Engineers Celebrate Yale Sustainability through their research

Last week, associate professor of electrical engineering Minjoo Larry Lee sat down with Yale Daily News to discuss his work on novel dual-junction solar cells that can operate at temperatures above 400 degrees Celsius. This research, for which Lee received a $2.5 million grant from the U.S. Department of Energy’s Advanced Research Projects Agency for Energy, aims to create an efficient solar cell that will not only convert the entire solar spectrum into energy but will also create storable energy that can be dispatched when the sun is not shining or whenever electrical demand rises.

Such research is one example of how engineers from every department of Yale’s School of Engineering & Applied Science contribute to global sustainability through forward-thinking innovations and environmentally conscious research. “In all fields, engineers are increasingly evaluating and improving the sustainability of industrial processes as they’re being developed,” says Desirée Plata, assistant professor of chemical & environmental engineering. “Through creative research and groundbreaking inventions, Yale is at the forefront of this paradigm shift.”

One way Yale has affirmed its commitment to this ideal is through three recent faculty hires in the Department of Chemical & Environmental Engineering. In addition to Plata, whose research focuses on nanocarbon formation mechanisms and geochemical analysis, the environmental engineering program welcomed Jaehong Kim, Barton L. Weller Associate Professor of Chemical & Environmental Engineering, and Drew Gentner, assistant professor of chemical & environmental engineering & forestry & environmental studies.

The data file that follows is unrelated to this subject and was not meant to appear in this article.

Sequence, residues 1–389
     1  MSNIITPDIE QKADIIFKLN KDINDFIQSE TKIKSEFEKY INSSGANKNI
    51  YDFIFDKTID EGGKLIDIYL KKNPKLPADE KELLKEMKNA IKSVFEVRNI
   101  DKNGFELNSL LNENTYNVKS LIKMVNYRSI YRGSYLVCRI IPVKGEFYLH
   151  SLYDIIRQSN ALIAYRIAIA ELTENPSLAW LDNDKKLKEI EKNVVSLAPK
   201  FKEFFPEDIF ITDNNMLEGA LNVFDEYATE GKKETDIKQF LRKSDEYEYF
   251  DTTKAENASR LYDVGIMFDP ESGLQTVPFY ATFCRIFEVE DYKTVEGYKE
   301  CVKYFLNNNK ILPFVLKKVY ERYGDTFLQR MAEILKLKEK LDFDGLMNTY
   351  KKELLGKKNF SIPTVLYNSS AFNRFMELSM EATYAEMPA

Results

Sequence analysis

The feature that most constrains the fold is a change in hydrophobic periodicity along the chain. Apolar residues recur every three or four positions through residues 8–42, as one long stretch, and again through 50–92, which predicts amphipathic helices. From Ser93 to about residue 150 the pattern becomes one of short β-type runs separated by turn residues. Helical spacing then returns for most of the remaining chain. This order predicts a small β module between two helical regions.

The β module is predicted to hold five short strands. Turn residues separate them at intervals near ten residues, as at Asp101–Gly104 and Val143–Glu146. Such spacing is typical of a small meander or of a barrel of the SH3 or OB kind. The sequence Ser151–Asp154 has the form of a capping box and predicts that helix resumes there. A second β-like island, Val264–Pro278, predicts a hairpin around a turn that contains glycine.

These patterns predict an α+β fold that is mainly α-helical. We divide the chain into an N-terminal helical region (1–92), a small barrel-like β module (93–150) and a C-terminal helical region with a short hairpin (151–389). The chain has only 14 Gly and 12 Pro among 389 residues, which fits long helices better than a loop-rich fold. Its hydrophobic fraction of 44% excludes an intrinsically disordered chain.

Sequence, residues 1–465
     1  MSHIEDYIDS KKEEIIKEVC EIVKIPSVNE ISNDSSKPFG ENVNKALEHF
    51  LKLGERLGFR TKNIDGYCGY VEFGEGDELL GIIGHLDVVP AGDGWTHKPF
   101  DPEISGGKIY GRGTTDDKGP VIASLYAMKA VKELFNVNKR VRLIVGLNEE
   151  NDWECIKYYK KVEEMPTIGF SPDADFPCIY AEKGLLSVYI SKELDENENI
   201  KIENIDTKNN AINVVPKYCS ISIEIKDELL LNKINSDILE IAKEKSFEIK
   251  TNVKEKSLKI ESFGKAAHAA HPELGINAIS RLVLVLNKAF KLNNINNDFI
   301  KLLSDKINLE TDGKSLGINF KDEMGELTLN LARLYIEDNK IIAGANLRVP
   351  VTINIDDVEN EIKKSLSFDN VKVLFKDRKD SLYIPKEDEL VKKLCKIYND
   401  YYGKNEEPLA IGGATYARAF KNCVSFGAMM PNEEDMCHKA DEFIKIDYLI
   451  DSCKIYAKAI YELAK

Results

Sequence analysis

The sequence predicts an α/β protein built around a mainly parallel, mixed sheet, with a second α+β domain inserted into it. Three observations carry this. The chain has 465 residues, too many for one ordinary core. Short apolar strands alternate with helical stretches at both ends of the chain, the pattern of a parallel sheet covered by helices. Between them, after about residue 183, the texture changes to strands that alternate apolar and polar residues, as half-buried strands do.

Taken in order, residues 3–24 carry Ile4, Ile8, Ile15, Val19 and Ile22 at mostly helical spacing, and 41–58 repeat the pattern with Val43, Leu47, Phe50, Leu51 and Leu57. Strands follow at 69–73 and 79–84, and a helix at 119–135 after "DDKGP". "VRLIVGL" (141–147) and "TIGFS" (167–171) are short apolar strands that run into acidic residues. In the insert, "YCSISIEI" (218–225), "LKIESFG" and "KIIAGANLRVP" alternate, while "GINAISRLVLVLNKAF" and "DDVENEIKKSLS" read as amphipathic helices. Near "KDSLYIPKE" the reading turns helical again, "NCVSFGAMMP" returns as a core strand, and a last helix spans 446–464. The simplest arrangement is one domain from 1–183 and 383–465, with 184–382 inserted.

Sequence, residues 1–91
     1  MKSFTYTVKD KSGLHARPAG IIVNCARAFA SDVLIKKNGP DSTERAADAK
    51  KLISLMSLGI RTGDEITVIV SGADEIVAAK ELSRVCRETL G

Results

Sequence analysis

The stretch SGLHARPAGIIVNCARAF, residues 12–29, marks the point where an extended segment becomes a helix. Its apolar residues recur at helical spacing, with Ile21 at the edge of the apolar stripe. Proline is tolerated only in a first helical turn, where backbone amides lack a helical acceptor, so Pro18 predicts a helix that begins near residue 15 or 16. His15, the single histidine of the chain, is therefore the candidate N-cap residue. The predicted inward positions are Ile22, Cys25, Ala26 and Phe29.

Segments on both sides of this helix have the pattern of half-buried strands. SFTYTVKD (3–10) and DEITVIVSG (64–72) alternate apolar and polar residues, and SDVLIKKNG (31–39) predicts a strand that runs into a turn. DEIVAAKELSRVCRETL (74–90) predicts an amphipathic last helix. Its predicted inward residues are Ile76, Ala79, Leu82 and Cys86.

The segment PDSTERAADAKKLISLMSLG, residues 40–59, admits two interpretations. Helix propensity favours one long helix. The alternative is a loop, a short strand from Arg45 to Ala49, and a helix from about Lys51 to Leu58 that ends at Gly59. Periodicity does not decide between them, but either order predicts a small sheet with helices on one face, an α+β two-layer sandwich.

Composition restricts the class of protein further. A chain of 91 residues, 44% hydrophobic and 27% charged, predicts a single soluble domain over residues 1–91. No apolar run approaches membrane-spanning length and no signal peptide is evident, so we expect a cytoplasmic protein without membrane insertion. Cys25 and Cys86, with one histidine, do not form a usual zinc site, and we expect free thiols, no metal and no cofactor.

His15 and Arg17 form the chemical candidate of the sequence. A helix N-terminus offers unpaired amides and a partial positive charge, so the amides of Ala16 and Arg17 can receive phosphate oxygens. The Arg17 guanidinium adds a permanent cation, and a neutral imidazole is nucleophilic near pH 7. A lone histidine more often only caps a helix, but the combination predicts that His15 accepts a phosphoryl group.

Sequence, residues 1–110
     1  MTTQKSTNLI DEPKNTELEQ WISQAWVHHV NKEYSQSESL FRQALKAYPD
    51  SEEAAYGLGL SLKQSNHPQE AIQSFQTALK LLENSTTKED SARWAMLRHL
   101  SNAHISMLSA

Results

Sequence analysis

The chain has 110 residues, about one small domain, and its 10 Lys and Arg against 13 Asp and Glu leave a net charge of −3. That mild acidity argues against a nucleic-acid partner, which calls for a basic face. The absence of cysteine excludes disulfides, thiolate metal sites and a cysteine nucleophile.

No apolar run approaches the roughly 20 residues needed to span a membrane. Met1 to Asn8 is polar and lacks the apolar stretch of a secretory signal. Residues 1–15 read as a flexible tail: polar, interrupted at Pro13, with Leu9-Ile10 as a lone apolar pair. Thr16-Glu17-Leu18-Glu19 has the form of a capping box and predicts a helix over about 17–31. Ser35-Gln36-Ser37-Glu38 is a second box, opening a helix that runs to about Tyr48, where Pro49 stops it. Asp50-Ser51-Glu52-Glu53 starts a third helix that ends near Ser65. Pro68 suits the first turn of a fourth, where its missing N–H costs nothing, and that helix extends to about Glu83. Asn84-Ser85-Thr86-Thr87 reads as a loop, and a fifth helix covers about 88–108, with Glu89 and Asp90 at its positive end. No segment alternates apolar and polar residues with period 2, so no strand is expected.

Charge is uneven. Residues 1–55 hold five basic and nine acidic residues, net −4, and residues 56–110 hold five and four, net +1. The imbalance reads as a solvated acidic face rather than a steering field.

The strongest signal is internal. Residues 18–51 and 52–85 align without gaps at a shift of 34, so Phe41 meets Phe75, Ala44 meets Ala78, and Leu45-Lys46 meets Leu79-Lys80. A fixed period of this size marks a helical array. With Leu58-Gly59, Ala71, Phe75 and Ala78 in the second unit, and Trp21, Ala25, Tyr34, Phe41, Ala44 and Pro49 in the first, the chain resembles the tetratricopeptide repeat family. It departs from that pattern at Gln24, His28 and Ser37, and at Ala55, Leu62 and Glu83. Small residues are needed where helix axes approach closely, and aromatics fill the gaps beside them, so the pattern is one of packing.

Kim’s research focuses on materials that use the sunlight to destroy harmful chemicals and kill germs in water, materials that could be made into reusable water bottles to reduce the waste of disposable water bottles while providing clean water to developing countries. Gentner’s research is concerned with the physical and chemical processes of primary and secondary air pollution, as well as the impacts of traditional and alternative energy production and use on air quality, climate change, and public health.

“Each one of us is working on cutting-edge research with implications for sustainability,” says Menachem Elimelech, Roberto C. Goizueta Professor of Chemical & Environmental Engineering; Elimelech, who was recently named one of the most highly cited researchers in his field, founded Yale’s environmental engineering program in 1998. “Further, our faculty is always looking to work with other entities at Yale to tap into the university’s greater environmental resources, creating a synergy to magnify our output.”

In this way, SEAS research is a natural extension of the Yale’s continued concern for sustainable innovation and global perspectives. So if Celebrate Sustainability Week gets you excited about our environment, perhaps it’s time to take an engineering class.